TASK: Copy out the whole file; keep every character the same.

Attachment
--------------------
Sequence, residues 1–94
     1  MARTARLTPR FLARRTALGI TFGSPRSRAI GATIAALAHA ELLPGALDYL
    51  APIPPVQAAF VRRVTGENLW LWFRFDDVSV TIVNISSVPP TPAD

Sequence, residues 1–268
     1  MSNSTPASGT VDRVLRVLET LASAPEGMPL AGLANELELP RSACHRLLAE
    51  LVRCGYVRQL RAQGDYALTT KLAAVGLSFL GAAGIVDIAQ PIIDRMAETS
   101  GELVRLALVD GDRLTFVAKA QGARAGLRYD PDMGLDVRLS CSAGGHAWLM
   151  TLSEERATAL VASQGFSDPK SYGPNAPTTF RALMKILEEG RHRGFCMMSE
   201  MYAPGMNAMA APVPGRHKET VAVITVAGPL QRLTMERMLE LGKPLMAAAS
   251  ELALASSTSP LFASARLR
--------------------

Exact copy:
Sequence, residues 1–94
     1  MARTARLTPR FLARRTALGI TFGSPRSRAI GATIAALAHA ELLPGALDYL
    51  APIPPVQAAF VRRVTGENLW LWFRFDDVSV TIVNISSVPP TPAD

Sequence, residues 1–268
     1  MSNSTPASGT VDRVLRVLET LASAPEGMPL AGLANELELP RSACHRLLAE
    51  LVRCGYVRQL RAQGDYALTT KLAAVGLSFL GAAGIVDIAQ PIIDRMAETS
   101  GELVRLALVD GDRLTFVAKA QGARAGLRYD PDMGLDVRLS CSAGGHAWLM
   151  TLSEERATAL VASQGFSDPK SYGPNAPTTF RALMKILEEG RHRGFCMMSE
   201  MYAPGMNAMA APVPGRHKET VAVITVAGPL QRLTMERMLE LGKPLMAAAS
   251  ELALASSTSP LFASARLR